About Brent R. Baker
“Jesus told stories. Because they work.”
Those words resonate deeply with me. Because even in real life, I make stories out of even the most trivial events. Ask anyone who hangs out with me, and they can tell you that I can’t help it. No matter where I am, life is a collection of stories strung together into a narrative that we often can’t see until it’s well in the rear view mirror.
I spent 20 years in journalism, much of it as a sports reporter. Games (or matches or meets) made up seasons; seasons formed careers. No event stood alone and when I could I provided that context. A shot that won a basketball game might also have won a district championship; it might also have provided redemption for a kid who’d had a tough year, or a measure of solace for a team who’d lost a teammate to tragedy.
Non-sports stories also demanded that context. The most rewarding of those were the interviews I did with military veterans. Each story unique to its time, its own context and the person telling it. Lives redirected and reshaped in ways that the storyteller never anticipated and continued to live with.
The overarching theme from all of that escaped me until recently: most of us don’t see very far beyond our own story. We can if we choose to engage another’s story, but generally as humans we don’t do that unless it resonates with us. If the person is the same race, political persuasion, social status, religious denomination, we listen. If not, we argue – if not in fact, then internally.
Jesus was brilliant in his use of story. He disarmed the powerful, frustrated the intellectuals, and yet their earthiness resonated with the wounded, desperate and self-destructive. Most of these stories were parables. Short vignettes of events that may or may not have happened in fact, but that revealed deeper truth. If, of course, one was inclined to look for it.
If humans were created in the image of God, then one thing we were created to be is … creators! If God created the universe with words, then our words carry the power of creation as well.
That random thought you had about your spouse’s weight? Spoken aloud it created a new reality in your relationship. It might have been a small act of “creation” (and quite possibly your last one). We all have the power of creation. How we use it, that’s the trick.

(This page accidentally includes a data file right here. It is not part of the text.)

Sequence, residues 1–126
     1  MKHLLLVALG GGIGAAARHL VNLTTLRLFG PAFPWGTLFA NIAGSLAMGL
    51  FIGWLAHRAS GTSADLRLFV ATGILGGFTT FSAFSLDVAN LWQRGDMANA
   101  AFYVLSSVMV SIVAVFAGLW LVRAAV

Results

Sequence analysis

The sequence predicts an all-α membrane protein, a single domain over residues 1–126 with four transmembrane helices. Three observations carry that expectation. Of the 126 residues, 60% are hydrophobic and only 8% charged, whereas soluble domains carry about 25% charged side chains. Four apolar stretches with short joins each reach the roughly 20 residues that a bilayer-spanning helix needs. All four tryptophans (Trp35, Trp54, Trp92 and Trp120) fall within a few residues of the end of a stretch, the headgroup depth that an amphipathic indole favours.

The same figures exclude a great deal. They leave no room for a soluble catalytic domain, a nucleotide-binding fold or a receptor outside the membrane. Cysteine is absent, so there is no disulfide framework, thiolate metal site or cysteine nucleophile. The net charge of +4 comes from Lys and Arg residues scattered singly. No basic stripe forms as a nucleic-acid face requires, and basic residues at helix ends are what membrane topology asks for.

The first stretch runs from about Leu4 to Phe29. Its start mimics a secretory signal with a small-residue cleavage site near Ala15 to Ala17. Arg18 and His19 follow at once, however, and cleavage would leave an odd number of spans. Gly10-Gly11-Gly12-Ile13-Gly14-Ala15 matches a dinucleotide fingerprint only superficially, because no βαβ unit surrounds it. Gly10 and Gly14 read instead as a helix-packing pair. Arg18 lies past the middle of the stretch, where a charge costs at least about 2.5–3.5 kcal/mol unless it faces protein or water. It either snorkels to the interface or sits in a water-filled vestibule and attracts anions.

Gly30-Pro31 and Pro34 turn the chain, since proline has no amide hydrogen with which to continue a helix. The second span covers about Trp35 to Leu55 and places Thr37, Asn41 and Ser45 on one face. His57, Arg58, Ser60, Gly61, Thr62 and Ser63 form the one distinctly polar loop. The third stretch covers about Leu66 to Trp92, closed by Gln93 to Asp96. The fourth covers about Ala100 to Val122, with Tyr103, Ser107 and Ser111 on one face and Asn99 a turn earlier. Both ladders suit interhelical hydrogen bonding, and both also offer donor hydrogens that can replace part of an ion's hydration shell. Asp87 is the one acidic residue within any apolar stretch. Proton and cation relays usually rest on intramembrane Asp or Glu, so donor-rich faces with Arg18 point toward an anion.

Story is an act of creation that is deeper than what we usually think of as “creative.” Even fictional tales involve the creation of their own unique universes that exist only in the mind of their creator until they shared. In science fiction parlance, “alternate universes” with differences both subtle and profound await their stories being told. It’s a wondrous truth that emanates from the core of who we are as flesh-and-blood creatures that house these souls that are at the same time fragile and indestructible.
Story is exploration in worlds we can’t get to on our own.
Story seeks truth that sometimes we can’t see from inside our own lives.
Story encourages us to ask What If.
It’s a journey of the mind and heart that can help us understand the journey that is life.
It’s an act of creation that I’ve been called in to. Come along for the ride!
Grew up in: California, New Jersey, North Carolina, Washington (state)
Education: Seattle Pacific University, B.A. in English
Work History: Journalism and Photography. Also along the way … Church administrator, optical technician; auto parts quality control; dishwasher; sandwich and doughnut-maker; and two ill-fated days as a vacuum cleaner salesman.
Awards: About 40 Michigan Press Association and Washington Press Association awards for writing, photography, layout, publication quality. The best ones were the team awards for top sports sections and newspapers.
Books – Fiction
Books – Nonfiction
Musicians / Bands
Hobbies / Pastimes